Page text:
Robert Mueller's performance in front of Congressional committees should mark the end of special counsels, special prosecutors, independent counsels and the like. These hearings demonstrated, if any further demonstration was required, how dangerous it was to go outside of the normal processes of criminal justice.
Ordinary prosecutors are not allowed to comment about why they decided not to prosecute the subject of an investigation. The Mueller Report, when made public, violated that salutary tradition. It contained negative information about people, including the president, who will have no opportunity to respond in a legal proceeding.
The report and the testimony introduced the novel and dangerous concept into our legal vocabulary: "Not exonerated." This concept, which finds no basis in the rules of the Justice Department or the Special Counsel, is a variation on the nefarious theme articulated by the disgraced former FBI director, James Comey, when he went beyond announcing that Hillary Clinton would not be prosecuted, and expressed his opinion that she had been extremely careless in her treatment of emails. This statement said, in effect, that Hillary Clinton was not being exonerated.
Mueller's testimony was confused and confusing on many scores. He couldn't explain why he had reached a formal decision on conspiracy with Russia but had failed to reach a formal conclusion about obstruction of justice. He had to pull back on his answer to whether the decision not to charge the President was based on a Justice Department policy against indicting a sitting president. There was no explainable pattern as to why he chose to answer some questions while declining to answer others. He seemed not to be familiar with the contents of the Report that bears his name. It was almost as if he had signed his name to the Report without carefully reading or understanding it.
The night before Mueller's testimony, I was asked on a TV show whether it was a Hail Mary pass thrown by the Democrats. I predicted that it would be an intercepted pass. I was right. Even many Democratic stalwarts viewed the Mueller testimony as harmful to their cause. As a liberal Democrat, I share that view and it doesn't please me. But as a patriotic American, I care far more about the implications of the Mueller testimony for all Americans and for the rule of law.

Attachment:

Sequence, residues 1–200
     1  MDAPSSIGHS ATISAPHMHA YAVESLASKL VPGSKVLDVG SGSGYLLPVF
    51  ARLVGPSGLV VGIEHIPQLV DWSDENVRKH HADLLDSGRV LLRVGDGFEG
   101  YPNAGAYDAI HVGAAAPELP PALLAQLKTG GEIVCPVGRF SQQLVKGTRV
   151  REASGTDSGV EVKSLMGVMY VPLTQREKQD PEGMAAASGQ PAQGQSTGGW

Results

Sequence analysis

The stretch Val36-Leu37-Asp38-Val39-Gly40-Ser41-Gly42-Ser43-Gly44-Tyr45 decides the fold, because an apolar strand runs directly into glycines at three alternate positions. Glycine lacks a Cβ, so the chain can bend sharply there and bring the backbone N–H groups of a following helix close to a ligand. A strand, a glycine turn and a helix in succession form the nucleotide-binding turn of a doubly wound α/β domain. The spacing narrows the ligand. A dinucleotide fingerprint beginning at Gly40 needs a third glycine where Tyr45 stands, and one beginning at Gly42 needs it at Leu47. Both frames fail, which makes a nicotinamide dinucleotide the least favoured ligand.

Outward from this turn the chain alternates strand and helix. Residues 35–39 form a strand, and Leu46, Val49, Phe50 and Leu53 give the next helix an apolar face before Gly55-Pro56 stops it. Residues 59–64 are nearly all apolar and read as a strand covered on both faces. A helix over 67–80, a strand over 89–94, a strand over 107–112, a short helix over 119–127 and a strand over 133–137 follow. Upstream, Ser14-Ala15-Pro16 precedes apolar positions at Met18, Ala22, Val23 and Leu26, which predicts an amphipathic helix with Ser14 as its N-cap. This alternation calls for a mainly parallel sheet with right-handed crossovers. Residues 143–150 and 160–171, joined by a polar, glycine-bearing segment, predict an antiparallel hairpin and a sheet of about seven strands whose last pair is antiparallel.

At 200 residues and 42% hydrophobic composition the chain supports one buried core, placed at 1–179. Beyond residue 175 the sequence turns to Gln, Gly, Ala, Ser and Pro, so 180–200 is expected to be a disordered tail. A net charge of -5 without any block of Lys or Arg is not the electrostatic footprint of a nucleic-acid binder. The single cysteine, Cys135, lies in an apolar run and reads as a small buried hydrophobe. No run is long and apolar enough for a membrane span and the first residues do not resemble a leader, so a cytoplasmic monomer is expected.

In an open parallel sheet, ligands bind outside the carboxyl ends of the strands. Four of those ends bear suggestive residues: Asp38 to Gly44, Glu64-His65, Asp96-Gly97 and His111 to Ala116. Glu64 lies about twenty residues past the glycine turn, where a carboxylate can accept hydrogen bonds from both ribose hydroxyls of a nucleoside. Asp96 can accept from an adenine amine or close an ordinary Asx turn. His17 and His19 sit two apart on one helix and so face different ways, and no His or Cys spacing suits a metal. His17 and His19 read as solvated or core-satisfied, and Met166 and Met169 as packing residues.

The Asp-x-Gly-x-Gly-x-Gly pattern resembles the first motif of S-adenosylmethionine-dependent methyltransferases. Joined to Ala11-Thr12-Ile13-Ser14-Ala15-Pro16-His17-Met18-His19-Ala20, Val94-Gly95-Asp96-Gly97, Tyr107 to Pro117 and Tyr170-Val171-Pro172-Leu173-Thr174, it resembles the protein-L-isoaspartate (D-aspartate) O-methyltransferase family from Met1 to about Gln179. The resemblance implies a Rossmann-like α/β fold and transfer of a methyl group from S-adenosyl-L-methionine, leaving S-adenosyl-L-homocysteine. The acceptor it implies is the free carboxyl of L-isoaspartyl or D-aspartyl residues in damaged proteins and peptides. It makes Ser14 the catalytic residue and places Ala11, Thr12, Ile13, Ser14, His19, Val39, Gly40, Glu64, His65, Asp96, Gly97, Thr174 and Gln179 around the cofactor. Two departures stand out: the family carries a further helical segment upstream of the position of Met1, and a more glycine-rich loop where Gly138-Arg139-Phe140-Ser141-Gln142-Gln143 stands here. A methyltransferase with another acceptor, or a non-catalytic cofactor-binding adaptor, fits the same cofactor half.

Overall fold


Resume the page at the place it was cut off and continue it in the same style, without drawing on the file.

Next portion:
The only good that can come from this testimony is that the millions of Americans who watched, or who will see and read excerpts, will come to understand how dangerous the Office of Special Counsel is to the rule of law. From day one, I proposed an alternative: namely the appointment of a nonpartisan expert commission whose job it is to investigate the role of Russia in trying to influence American elections and to influence our American democratic processes. Like the 9/11 Commission, this Russia Commission would not be pointing prosecutorial fingers for past derelictions, but would be focused primarily on preventing Russia from continuing to influence our American political processes. Prosecutors, like the Special Counsel, operate behind closed doors and in secret. They hear only one side of the story. They are restricted in what Grand Jury information can be made public. Non-partisan expert commissions, on the other hand, operate primarily in public (except when hearing classified material) and hear all sides of every issue in an effort to hear the whole truth.
So let's rethink how we deal with problems such as those that were the subject of the Mueller Report and Mueller's testimony. Let's learn from our mistakes and let's stop weaponizing our criminal justice system for partisan ends. Congress and the Justice Department should abolish the Office of Special Counsel, just as they abolished the Office of Independent Counsel after the fiasco of the Starr Report.